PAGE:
Unload a Dll in Powershell

The easiest way to unload a .dll in PowerShell is to load (Import-Module) it up within a Job(Start-Job)/New Instance/or new session. You could also do it by creating an Appdomain, but a Job is the most PowerShell-y. Once the job completes, the .dll will get unloaded.

The issue under the hood, is actually a .Net limitation. Assemblies are attached to an Appdomain, and only get unloaded once the referencing Appdomain has also been unloaded. This is why, ‘Remove-Module’ doesn’t unload the .dll, just removes all members which are implemented by the assembly from the current session.

So this program isn’t beautiful, but its a basic demonstration of a new Job, using Start-Job, which creates a new .dll and is able to delete it afterwards. What it does, is find the C# compiler on your machine (It will fail if its not there…). Compile a simple library. Load it. Call a function. Exit to job. Then, delete the .dll that it compiled. We can’t delete a .dll while we have it loaded, so this is proof that the thing gets unloaded.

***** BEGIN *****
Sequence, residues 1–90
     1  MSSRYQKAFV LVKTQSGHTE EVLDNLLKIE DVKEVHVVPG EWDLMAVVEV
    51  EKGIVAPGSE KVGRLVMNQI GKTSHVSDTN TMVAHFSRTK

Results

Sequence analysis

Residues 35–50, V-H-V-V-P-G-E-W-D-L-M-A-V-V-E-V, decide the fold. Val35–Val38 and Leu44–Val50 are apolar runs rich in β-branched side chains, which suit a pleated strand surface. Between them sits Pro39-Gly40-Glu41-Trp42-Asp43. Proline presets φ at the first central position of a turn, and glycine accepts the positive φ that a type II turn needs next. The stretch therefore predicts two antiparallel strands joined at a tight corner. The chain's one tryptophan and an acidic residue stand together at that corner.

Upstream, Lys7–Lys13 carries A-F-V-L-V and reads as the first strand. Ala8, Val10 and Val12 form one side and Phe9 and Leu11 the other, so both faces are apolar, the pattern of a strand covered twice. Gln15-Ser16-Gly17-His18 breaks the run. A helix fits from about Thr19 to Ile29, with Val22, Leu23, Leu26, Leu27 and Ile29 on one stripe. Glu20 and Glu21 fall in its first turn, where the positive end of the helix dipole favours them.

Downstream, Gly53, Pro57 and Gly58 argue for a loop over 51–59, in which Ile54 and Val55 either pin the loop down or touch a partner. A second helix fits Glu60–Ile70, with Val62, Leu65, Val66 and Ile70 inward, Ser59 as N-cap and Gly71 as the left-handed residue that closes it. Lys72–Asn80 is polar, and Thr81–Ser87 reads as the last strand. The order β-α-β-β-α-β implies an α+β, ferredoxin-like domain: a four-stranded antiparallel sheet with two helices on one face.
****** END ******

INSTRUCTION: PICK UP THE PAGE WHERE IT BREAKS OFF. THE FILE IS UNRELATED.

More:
# Create a job
$job = Start-Job -Name CsharpJob -ArgumentList $pwd -ScriptBlock {
    # Find the C sharp compiler
    $csc = "`"$((dir C:\ -File csc.exe -Recurse | Select -First 1).FullName)`" /target:library templib.cs"

    # Get the current working directory from the arguments
    cd $args[0]

    # Write a c# program to a temp file
    namespace HelloWorldNamespace
        public class HelloWorldLibrary
            public static string GetHelloWorld()
                return "Hello World";
"@ > "templib.cs"

    # Build the program with csc
    iex "&$csc" | Out-Null

    # Import the dll we just built
    Import-Module "$pwd\templib.dll" | Out-Null

    # Call one of the methods in the libarary


# Wait on the job to finish
Wait-Job -Job $job | Out-Null

# Write the output
Receive-Job -Job $job

# Clean up
rm templib.cs

# In a loop to to make sure this gets done
while(Test-Path templib.dll)
    rm templib.dll -ErrorAction Ignore | Out-Null

The reason for the loop at the end of the program, is that it takes a little bit of time for the OS to actually let you delete dll after it was unloaded. So this was kind of a hacky looking example, but it gets the job done!

#Other Examples which will work

## Start a new instance of powershell 

# Load your dll

## Start a new PSSession (May run into authorization issues)

Enter-PSSession -ComputerName ([System.Environment]::MachineName)
# Load your dll

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